The Common Core State Standards initiative was state led and coordinated by the National Governors Association Center for Best Practices and the Council of Chief State School Officers to create benchmarks for learning from kindergarten through...
Seven Useful Common Core State Standards Resources - With state testing wrapping up and another school school year coming to a close, we move a year closer to the 2013-2014 school year when we will see state...
Both the Mathematics and English Language Arts (ELA) standards in the Common Core State Standards demonstrate a logical progression through the grades so that a fourth grade teacher will understand how the standard being taught on a particular day relates to the standard in grades five, six, and beyond. In fact, teachers will be able to understand how what they are doing each day leads to college and career-readiness.
It aims to heighten educator awareness of the critical role that language plays in the new Common Core State Standards and Next Generation Science Standards. The long-term goal of the initiative is to help educators ...
This blog is the 4th in a series of blogs by Mel Riddile, Associate Director for High School Services at the National Association of Secondary School Principals, on the principal’s role in implementing the Common Core State Standards.
NSDL.org is an online science library with links to high quality science, technology, engineering, and math resources for K-12 teachers, faculty, librarians, students and informal learners. Funded by the National Science Foundation. (via Marcia Mardis, SLIS, FSU)
Building knowledge through content-rich nonfiction and informational texts. At the elementary level, the standards call for a 50-50 balance between informational texts and literature. They shift the emphasis to 55 percent informational by middle school, and 70 percent by high school. Such reading includes content-rich nonfiction in history/social studies, science, and the arts. Informational text is seen as a way for students to build coherent general knowledge, as well as reading and writing skills.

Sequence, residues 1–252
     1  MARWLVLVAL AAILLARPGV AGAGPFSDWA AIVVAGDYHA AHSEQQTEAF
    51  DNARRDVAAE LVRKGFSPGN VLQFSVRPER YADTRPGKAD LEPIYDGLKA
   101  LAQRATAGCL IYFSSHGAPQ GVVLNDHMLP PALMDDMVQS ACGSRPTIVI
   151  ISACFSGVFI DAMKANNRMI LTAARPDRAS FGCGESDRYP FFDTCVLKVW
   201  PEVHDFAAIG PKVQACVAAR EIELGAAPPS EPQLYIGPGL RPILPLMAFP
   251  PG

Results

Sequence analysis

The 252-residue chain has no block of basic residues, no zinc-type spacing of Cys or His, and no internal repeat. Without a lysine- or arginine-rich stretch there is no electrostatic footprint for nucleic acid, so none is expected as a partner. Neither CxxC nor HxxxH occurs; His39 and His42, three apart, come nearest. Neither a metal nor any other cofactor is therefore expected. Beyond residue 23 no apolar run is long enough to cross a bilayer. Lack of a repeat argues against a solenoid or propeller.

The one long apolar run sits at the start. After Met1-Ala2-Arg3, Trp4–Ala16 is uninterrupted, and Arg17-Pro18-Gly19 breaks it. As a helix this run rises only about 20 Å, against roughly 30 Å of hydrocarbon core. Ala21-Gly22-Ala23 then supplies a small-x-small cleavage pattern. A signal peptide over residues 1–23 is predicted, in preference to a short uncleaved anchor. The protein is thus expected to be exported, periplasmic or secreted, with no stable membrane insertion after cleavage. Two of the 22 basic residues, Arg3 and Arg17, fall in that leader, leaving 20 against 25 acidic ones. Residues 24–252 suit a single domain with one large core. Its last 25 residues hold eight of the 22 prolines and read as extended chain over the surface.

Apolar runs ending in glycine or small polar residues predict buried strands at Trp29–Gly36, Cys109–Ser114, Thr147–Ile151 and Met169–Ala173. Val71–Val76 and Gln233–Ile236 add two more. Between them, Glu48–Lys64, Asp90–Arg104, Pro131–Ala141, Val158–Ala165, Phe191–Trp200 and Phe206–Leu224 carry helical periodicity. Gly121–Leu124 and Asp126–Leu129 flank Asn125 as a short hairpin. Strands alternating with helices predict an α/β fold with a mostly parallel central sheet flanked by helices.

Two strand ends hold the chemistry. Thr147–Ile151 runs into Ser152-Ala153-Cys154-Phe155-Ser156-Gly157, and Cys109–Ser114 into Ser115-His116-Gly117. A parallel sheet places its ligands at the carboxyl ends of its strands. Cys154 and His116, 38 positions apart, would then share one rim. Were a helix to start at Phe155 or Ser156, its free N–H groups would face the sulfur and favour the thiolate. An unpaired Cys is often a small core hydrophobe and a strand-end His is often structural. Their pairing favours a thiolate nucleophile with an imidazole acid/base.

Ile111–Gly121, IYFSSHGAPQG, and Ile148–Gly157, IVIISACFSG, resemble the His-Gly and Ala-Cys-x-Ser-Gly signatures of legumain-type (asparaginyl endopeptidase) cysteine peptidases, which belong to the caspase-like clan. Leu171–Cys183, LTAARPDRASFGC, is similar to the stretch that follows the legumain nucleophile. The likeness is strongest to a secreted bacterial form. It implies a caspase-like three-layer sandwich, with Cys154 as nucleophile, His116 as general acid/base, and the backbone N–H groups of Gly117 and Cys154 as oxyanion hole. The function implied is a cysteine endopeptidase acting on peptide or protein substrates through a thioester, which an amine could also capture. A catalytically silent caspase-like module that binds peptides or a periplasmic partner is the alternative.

2. Citing Evidence
Reading and writing grounded in evidence from text. The standards place a premium on students’ use of evidence from texts to present careful analyses and well-defended claims. Rather than asking students questions they can answer solely from their prior knowledge or experience, the standards envision students’ answering questions that depend on reading the text or texts with care. The standards also require the cultivation of narrative writing throughout the grades. The reading standards focus on students’ ability to read carefully and grasp information, arguments, ideas, and details based on text evidence.
3. Complex Text
Regular practice with complex text and its academic vocabulary. The standards build a “staircase” of increasing text complexity to prepare students for the types of texts they must read to be ready for the demands of college and careers. Closely related to text complexity—and inextricably connected to reading comprehension—is a focus on academic vocabulary: words that appear in a variety of content areas (such as “ignite” and “commit”).
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